Some of the material in is restricted to members of the community. By logging in, you may be able to gain additional access to certain collections or items. If you have questions about access or logging in, please use the form on the Contact Page.
Research has examined the experiences of women in the workplace, yet women's experiences during pregnancy have been neglected to a large extent. Stress during pregnancy has consistently been shown to lead to detrimental consequences for women and their babies. Using the job stress theories, a conceptual model of stress during pregnancy is developed. This model includes factors from multiple levels (i.e., individual, interpersonal, sociocultural, and community) and highlights the role of job stress during pregnancy. In order to gain a deeper understanding of job stress during pregnancy, three pregnancy-specific organizational stressors are identified (i.e., perceived pregnancy discrimination, pregnancy disclosure, and identity-role conflict) and hypothesized to result in detrimental organizational, health, and family outcomes through experienced stress. The moderating roles of resources (i.e., self-regulation and resiliency) are also examined. Analyses of time-separated data from 124 pregnant employees revealed that women experience pregnancy-specific job stressors and that these stressors are associated with a variety of adverse outcomes. Furthermore, mediated moderation analyses revealed that self-regulation and resiliency function as coping resources during the stress process. Finally, a q-sort analysis of learning during pregnancy revealed nine learning themes. Contributions and future directions for research are discussed.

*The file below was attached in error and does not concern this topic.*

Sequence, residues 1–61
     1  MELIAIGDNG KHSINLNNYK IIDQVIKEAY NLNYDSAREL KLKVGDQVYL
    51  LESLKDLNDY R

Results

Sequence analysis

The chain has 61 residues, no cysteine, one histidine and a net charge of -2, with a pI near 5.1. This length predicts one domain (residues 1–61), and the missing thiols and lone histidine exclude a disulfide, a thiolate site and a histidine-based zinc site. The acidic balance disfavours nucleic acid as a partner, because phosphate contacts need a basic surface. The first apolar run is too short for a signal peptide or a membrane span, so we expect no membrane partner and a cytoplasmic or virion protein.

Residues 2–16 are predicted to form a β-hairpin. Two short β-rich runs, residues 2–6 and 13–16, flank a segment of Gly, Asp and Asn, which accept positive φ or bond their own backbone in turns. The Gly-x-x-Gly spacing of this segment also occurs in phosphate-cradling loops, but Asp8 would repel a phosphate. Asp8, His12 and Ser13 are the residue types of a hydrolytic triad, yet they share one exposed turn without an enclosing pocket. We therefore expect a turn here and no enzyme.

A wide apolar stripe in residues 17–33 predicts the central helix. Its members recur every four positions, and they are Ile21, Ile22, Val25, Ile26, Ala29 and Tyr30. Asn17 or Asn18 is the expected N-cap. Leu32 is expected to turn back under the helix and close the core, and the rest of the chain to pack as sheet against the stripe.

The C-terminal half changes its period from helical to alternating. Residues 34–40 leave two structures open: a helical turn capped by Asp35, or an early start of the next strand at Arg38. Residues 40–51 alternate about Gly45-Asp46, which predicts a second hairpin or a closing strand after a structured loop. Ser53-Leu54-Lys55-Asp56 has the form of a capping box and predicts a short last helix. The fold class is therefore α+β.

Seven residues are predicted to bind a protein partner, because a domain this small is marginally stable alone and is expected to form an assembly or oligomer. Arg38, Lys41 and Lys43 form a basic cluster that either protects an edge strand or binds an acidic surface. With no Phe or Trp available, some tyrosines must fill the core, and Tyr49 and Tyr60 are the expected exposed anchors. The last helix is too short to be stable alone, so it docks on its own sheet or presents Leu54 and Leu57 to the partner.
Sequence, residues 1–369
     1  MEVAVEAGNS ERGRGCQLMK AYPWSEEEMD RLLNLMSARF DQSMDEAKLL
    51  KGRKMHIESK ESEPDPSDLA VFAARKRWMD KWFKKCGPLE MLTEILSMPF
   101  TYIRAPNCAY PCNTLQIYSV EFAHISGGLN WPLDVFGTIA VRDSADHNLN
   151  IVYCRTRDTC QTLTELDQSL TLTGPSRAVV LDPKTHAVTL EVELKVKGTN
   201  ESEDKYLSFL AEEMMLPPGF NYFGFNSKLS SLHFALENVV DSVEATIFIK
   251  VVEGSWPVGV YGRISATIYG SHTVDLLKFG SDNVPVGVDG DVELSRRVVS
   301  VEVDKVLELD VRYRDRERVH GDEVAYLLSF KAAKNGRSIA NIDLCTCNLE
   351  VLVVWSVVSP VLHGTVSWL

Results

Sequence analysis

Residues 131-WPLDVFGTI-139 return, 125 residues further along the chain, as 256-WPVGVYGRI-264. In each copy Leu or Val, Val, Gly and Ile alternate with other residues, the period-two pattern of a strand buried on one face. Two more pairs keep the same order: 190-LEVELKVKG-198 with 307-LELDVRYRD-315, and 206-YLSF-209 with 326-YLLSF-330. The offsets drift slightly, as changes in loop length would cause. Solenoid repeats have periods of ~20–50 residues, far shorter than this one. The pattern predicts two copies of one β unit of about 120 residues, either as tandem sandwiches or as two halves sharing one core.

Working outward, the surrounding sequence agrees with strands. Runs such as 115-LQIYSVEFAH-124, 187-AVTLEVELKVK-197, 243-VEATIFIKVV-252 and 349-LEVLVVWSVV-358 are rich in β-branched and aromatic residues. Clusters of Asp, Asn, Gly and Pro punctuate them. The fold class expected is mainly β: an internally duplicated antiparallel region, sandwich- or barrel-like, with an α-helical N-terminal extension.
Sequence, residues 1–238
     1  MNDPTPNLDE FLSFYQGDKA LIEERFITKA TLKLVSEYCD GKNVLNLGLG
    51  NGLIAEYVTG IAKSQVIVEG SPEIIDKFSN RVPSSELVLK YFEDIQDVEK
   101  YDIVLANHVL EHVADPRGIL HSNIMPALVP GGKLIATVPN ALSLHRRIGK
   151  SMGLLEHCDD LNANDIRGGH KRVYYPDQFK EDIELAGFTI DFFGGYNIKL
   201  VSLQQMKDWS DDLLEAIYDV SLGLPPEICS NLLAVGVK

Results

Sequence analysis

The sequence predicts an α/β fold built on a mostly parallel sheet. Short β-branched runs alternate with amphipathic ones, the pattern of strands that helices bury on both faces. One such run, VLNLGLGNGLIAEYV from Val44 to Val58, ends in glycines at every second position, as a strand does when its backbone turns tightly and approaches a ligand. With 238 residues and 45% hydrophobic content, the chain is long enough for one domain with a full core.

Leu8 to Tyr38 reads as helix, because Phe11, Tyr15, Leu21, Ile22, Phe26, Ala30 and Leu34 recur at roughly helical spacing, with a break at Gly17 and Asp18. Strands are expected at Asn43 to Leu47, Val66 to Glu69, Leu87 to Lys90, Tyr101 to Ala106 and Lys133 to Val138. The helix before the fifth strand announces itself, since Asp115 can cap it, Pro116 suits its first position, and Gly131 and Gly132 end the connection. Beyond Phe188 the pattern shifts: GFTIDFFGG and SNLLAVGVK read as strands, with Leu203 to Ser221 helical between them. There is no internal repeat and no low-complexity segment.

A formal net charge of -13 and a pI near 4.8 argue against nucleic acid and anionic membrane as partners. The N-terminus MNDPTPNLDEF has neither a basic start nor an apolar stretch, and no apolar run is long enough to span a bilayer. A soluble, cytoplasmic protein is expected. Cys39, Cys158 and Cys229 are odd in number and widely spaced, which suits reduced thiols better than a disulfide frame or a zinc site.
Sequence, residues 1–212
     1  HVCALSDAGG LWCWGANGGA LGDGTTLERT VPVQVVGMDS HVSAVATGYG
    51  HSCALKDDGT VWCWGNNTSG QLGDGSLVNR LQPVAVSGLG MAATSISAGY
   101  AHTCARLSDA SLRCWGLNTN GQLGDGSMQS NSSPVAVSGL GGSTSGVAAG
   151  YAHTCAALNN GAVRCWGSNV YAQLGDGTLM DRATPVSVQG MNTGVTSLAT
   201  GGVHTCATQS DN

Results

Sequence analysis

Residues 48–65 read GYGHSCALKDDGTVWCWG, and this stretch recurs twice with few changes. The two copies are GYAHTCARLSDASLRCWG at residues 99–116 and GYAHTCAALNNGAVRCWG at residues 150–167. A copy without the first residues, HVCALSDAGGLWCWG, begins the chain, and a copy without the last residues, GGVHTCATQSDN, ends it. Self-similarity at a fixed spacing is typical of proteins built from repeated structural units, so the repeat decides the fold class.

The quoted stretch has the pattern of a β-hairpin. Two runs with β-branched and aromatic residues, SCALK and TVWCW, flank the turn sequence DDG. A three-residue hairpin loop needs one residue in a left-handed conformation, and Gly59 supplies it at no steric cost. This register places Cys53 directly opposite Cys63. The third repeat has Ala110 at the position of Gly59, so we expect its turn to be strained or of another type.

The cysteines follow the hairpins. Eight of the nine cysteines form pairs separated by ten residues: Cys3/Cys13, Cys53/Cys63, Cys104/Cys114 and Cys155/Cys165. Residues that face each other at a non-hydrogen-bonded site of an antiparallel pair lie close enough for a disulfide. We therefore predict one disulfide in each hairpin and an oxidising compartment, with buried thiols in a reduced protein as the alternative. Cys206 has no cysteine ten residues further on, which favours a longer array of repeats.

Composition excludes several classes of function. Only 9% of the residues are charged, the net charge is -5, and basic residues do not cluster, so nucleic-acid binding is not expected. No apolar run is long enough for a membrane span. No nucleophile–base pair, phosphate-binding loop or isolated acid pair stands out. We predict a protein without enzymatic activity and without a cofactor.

A Dissertation submitted to the Department of Management in partial fulfillment of the Doctor of Philosophy.
Includes bibliographical references.
Pamela L. Perrewé, Professor Directing Dissertation; Joseph G. Grzywacz, University Representative; Chad H. Van Iddekinge, Committee Member; Shanna R. Daniels, Committee Member.
Florida State University
Use and Reproduction
This Item is protected by copyright and/or related rights. You are free to use this Item in any way that is permitted by the copyright and related rights legislation that applies to your use. For other uses you need to obtain permission from the rights-holder(s). The copyright in theses and dissertations completed at Florida State University is held by the students who author them.